May 4, 2009
The importance of including HIV-positive people in prevention programs is underscored by the fact that "almost half of all new HIV infections in Thailand occur among low-risk partners of people infected with HIV," the authors noted in introducing the current study.
Among HIV patients accessing routine care at the National Infectious Disease Institute in Thailand, the risk of HIV transmission was evaluated. The factors assessed were sexual risk behavior, prevalence of STI (syphilis, gonorrhea, chlamydia, trichomoniasis, and genital ulcers), and HIV disclosure status. STI care, risk reduction and HIV disclosure counseling were provided to the patients.
From July 2005 to September 2006, baseline data were assessed among 894 consecutive HIV patients (395 men, 499 women). Among participants, 33.2 percent reported unprotected last sex with a partner of unknown or negative HIV status. This was more likely with casual, commercial or male-to-male sex partners than with steady heterosexual partners (p=0.03). Patients receiving antiretroviral therapy were less likely to report unsafe sex (p<0.001). In all, 10.7 percent of men and 7.2 percent of women had an STI (p=0.08). HIV status disclosure to steady partners was reported by more women than men (82.5 percent vs. 65.9 percent; p=0.05).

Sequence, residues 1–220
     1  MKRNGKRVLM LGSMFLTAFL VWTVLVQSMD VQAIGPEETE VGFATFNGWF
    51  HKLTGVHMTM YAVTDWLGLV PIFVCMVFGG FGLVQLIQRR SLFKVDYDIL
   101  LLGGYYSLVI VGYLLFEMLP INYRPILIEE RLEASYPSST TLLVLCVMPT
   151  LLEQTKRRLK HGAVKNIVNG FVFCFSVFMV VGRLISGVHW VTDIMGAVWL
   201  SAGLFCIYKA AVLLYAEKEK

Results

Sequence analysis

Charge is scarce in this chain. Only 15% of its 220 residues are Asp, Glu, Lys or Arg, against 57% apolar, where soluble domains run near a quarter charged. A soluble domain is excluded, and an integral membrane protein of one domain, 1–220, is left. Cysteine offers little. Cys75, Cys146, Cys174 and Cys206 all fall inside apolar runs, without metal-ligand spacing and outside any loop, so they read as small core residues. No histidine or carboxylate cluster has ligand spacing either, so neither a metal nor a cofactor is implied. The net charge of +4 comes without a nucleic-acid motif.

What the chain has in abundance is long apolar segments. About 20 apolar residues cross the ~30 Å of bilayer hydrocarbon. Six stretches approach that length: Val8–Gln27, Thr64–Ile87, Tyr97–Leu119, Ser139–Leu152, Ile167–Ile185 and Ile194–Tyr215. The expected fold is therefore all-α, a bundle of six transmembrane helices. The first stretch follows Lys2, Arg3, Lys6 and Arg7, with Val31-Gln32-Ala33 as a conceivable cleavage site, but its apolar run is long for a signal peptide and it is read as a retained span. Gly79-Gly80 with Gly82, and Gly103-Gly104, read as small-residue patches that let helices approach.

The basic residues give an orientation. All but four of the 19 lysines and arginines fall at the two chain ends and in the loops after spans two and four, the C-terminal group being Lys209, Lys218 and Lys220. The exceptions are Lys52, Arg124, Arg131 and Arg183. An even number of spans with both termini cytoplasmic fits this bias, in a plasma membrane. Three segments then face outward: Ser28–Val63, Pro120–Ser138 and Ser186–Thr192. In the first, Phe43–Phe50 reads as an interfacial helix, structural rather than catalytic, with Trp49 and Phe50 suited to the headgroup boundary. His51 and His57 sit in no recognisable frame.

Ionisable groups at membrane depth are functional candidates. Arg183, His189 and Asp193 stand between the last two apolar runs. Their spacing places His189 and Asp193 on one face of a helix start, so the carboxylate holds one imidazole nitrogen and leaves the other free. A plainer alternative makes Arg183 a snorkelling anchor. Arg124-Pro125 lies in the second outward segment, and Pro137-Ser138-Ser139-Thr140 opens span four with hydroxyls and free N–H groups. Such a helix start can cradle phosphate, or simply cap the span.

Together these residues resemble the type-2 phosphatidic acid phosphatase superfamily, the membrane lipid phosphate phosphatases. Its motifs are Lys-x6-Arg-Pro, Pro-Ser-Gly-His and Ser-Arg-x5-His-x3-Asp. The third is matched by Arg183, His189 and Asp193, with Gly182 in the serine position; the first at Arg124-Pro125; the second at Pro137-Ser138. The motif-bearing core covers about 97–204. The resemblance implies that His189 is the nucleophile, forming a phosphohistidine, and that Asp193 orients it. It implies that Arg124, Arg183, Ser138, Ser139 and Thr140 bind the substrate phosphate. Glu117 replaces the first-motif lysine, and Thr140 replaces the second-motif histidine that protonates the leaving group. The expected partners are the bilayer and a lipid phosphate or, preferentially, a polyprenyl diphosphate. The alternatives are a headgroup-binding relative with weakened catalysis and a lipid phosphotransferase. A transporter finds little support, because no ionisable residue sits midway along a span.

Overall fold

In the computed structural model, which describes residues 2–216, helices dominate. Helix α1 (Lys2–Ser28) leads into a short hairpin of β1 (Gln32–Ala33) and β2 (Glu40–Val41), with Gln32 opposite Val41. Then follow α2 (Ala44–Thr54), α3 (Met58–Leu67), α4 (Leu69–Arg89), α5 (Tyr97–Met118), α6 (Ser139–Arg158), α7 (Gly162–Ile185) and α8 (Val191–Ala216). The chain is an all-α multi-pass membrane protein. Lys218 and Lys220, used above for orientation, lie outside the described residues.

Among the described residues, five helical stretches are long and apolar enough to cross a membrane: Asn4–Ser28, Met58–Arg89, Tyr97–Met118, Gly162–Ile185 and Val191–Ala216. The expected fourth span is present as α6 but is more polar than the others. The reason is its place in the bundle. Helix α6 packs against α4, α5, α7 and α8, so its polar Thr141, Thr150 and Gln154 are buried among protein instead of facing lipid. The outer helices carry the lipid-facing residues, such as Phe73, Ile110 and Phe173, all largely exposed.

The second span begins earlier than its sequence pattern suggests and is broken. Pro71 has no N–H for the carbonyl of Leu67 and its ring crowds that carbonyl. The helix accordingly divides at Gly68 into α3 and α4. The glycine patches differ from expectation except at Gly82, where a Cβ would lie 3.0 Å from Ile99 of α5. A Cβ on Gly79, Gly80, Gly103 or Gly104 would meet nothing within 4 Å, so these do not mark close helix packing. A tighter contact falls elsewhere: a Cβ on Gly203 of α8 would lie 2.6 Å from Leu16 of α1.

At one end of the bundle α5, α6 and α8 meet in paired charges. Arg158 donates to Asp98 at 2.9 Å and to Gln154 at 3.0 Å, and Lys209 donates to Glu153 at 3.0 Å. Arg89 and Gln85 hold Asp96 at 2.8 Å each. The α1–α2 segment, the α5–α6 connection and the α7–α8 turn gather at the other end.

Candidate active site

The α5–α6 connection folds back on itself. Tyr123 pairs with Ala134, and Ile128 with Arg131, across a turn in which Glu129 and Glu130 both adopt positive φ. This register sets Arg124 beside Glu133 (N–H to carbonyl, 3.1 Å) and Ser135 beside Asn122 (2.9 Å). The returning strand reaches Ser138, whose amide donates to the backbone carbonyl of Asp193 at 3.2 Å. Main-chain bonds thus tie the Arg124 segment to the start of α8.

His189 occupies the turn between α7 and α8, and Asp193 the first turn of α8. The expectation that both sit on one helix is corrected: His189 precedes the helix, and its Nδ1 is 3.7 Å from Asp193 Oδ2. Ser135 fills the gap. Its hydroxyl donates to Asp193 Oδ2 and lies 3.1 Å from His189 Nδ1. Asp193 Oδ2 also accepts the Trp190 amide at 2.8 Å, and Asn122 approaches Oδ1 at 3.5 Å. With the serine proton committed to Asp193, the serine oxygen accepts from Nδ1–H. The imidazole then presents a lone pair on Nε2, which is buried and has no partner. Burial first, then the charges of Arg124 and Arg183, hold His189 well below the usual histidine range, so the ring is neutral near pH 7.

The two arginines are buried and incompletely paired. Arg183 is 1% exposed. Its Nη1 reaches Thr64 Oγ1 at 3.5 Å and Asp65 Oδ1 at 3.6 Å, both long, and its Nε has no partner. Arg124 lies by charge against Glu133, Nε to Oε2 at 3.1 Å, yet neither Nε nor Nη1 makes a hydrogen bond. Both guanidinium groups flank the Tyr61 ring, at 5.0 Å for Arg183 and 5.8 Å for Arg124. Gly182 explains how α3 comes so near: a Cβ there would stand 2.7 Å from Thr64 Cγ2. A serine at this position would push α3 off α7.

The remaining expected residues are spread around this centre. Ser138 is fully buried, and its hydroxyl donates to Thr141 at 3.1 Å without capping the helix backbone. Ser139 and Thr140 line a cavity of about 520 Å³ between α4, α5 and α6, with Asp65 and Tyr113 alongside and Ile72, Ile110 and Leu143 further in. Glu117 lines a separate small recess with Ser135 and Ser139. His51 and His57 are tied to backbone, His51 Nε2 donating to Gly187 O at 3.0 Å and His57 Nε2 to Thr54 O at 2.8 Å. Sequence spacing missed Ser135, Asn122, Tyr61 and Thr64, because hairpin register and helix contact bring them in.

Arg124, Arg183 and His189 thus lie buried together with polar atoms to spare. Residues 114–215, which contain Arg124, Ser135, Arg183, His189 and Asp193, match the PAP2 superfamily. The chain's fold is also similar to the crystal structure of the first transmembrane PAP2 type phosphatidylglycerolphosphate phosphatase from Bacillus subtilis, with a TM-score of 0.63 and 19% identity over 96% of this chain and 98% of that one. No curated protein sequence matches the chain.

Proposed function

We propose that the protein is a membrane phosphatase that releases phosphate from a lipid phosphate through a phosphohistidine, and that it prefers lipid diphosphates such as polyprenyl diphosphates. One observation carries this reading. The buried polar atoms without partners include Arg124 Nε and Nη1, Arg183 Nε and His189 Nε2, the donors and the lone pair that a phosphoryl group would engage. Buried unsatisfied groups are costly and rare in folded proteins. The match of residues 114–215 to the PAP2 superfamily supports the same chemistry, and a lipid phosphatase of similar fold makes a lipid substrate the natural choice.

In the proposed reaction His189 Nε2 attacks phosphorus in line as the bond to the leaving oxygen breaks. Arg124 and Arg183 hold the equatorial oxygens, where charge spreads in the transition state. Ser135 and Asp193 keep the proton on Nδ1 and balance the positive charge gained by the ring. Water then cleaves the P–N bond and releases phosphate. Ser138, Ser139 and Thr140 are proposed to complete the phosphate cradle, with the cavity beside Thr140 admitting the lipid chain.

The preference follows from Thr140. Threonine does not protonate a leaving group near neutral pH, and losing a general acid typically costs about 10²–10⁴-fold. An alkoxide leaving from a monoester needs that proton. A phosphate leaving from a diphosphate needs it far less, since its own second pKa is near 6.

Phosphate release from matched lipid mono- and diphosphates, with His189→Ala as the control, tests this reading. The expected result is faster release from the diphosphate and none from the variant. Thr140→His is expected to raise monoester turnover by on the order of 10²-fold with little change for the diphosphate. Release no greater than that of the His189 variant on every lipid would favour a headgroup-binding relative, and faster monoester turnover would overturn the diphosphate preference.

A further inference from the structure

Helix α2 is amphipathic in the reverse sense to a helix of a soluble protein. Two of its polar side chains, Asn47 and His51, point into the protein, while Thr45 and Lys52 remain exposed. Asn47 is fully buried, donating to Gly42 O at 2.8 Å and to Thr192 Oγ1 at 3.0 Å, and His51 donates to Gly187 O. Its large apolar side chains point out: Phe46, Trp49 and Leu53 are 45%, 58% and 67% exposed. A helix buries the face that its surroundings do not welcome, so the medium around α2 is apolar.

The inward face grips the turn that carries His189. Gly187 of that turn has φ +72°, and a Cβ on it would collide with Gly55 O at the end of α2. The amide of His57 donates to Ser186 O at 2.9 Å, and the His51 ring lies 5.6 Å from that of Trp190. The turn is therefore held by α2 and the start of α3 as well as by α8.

"Indicators for HIV transmission risk were common among people attending HIV care in Bangkok," the authors concluded. "Efforts need to be strengthened to reduce unsafe casual and commercial sex and to increase HIV disclosure from men to their partners. A strategy for STI screening and treatment for people with HIV in Thailand should be developed."